Ukraine crisis: Prisoner swap boosts ceasefire
UKRAINIAN government and rebel forces have exchanged dozens of prisoners, a week after a ceasefire came into effect in the east of the country.
A total of 139 Ukrainian soldiers were freed and 52 rebels.
The exchange is the first step carried out successfully under the terms of the 12 February Minsk agreements, brokered by France and Germany.
Later on Saturday the rebels reportedly agreed to begin a pullback of heavy weapons, another key part of the truce.
The moves came as the US said it was considering “serious sanctions” against Russia following breaches of the truce.
During a visit to London, US Secretary of State John Kerry said Mr Obama would make a decision on the sanctions in the coming days.
He accused Moscow of “craven behaviour” in its support for the rebels, undermining a ceasefire.
“If this failure continues, make no mistake, there will be further consequences including consequences that will place added strains on Russia’s already troubled economy,” Mr Kerry said.
But Kremlin spokesman Dmitry Peskov said sanctions would not help solve Ukraine’s crisis.
Nearly 5,700 people have died since the fighting erupted last April and some 1.5 million people have fled their homes, according to the UN.
The Ukrainian government, Western leaders and Nato say there is clear evidence that Russia is helping the rebels in eastern Ukraine with heavy weapons and soldiers. Independent experts echo that accusation. Moscow denies it, insisting that any Russians serving with the rebels are “volunteers”.
Ukrainian President Petro Poroshenko tweeted the news of the prisoner exchange, which took place near the front line town of Zholobok.
Some of the government soldiers were wounded and walking on crutches.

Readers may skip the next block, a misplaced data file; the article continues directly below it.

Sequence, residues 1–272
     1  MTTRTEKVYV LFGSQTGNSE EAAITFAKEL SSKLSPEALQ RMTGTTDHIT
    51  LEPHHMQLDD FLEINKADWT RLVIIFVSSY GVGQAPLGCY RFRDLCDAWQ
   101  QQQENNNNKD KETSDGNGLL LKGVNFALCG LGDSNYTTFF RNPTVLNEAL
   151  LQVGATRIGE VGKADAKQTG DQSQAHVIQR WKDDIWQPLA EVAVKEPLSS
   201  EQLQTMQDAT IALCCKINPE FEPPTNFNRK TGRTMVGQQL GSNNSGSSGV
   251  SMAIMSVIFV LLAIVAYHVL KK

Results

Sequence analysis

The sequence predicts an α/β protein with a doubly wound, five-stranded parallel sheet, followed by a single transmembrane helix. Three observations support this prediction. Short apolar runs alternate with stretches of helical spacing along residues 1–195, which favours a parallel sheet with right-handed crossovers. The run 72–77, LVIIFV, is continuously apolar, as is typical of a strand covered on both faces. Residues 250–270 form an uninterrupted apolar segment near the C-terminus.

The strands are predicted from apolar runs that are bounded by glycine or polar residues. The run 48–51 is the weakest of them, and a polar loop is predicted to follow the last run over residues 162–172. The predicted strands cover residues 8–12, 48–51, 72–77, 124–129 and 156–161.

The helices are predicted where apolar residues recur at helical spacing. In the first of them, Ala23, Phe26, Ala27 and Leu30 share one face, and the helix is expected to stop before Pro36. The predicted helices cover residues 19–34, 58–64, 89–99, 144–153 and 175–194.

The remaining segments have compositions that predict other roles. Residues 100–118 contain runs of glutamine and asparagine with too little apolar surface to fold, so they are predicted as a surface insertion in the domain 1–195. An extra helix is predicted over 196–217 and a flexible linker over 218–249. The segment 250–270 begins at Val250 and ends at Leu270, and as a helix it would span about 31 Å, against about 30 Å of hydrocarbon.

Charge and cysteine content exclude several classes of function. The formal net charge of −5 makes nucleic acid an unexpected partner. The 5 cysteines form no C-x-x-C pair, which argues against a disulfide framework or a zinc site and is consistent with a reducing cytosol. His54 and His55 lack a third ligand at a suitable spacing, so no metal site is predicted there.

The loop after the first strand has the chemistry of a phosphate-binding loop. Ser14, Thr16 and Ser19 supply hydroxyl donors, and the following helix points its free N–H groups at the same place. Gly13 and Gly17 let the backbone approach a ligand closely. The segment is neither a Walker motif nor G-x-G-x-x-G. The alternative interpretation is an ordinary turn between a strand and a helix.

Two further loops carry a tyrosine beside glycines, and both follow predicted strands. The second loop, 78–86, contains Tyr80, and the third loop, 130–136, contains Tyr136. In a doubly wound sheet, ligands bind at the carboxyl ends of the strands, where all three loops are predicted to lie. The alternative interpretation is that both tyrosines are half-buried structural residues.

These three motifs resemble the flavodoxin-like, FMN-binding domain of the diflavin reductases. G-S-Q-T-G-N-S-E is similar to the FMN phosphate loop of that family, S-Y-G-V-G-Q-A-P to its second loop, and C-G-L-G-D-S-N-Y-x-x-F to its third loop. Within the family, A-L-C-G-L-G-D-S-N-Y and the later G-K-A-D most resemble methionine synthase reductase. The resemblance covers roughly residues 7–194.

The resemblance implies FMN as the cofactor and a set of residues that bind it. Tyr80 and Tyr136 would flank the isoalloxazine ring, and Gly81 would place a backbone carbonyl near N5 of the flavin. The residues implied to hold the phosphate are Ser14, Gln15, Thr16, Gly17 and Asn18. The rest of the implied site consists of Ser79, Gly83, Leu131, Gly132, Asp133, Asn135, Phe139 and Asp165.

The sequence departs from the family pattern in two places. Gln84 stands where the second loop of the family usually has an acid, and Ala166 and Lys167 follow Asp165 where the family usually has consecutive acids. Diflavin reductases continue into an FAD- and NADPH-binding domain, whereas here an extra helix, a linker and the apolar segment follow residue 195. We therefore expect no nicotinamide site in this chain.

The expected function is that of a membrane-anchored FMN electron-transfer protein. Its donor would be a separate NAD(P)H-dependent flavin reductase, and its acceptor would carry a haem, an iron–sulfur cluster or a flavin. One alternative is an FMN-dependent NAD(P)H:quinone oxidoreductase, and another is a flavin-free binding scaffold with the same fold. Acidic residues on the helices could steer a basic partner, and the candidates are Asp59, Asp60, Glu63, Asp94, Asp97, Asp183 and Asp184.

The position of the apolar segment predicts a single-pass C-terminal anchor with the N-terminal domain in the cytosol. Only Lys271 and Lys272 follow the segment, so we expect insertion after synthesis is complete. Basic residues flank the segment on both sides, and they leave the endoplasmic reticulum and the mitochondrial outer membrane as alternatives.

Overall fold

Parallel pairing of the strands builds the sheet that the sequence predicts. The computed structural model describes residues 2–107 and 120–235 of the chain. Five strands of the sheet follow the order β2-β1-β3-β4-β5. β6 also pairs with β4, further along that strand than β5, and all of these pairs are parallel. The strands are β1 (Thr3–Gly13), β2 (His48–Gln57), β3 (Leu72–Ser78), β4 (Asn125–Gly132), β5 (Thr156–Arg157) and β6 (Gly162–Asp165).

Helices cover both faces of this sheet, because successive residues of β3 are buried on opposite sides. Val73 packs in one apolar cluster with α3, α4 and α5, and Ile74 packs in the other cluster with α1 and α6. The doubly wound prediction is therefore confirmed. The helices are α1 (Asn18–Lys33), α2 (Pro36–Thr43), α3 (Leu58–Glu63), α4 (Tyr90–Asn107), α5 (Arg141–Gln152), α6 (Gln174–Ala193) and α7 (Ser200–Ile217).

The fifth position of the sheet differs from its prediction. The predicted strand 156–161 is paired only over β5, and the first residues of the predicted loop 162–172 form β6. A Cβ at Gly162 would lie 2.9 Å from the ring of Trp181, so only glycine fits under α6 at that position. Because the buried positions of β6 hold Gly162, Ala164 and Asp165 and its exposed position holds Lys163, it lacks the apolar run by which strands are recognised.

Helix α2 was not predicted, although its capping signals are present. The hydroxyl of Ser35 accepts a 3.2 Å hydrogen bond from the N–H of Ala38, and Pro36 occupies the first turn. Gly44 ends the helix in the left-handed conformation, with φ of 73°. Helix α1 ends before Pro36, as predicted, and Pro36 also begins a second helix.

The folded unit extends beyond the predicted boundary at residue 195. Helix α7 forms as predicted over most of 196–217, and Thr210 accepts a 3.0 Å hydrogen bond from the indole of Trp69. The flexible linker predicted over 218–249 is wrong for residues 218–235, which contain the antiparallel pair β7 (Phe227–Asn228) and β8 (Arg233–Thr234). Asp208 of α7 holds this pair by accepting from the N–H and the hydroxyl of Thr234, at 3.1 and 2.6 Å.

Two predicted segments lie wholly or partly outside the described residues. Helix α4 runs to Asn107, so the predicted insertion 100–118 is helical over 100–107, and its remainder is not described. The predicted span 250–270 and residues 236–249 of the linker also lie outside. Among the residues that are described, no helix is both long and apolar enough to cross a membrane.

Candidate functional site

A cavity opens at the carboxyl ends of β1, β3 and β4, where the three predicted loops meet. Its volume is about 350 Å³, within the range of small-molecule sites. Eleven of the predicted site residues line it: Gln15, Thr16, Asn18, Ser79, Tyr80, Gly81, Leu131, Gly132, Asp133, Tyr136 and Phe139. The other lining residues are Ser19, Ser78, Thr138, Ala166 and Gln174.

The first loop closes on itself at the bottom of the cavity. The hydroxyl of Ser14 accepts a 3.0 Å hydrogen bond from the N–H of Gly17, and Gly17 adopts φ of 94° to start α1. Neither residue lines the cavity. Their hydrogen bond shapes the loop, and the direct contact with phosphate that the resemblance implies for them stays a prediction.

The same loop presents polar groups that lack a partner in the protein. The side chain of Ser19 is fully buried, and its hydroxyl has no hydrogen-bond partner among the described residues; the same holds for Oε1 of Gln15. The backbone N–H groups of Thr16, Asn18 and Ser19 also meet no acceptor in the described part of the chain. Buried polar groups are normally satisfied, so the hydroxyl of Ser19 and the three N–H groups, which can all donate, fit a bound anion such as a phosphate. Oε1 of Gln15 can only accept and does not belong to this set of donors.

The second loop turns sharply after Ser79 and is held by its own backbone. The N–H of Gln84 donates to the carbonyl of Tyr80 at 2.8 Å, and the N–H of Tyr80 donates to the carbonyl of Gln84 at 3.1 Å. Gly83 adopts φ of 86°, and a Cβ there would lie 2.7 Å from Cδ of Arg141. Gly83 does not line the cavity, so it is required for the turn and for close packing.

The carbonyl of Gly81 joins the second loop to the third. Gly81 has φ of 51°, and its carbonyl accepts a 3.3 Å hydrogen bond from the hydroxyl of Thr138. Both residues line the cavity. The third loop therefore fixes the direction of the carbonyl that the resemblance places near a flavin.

Mr Poroshenko originally said 140 soldiers would be freed, and Ukrainian officials said one more soldier would be released in the coming days.
The BBC’s David Stern in Kiev says the exchange was the first positive news since the Minsk agreements, after a planned ceasefire failed to take hold.
However, the agreements called for a full exchange, and each side reportedly still holds a number of prisoners. It is not clear how many people are still in captivity.
Hours later, a Russian general involved in implementing the ceasefire said rebel forces had agreed to begin withdrawing heavy weapons from the frontline.
Alexander Lentsov said the leaders of the self-styled Luhansk and Donetsk people’s republics had signed the orders.
“We have designated 22 February as “D-Day” as determined by the agreement from all sides. So from tomorrow we will within the period of 14 days observe the agreement on the pullback of heavy weapons”.
The process had been due to start last Tuesday and completed by 3 March, but Gen Lentsov said it would now take until 7 March.
A Ukrainian official said the government had been informed of the move, but it was not yet clear whether it was being reciprocated.
Ukraine and rebel forces accuse each other of multiple breaches of the truce, and there were reports of violations around Donetsk and the port city of Mariupol on Saturday.
The rebels took the strategic transport hub of Debaltseve during the week in spite of the ceasefire, arguing the truce did not apply to the flashpoint town, forcing government troops to retreat.
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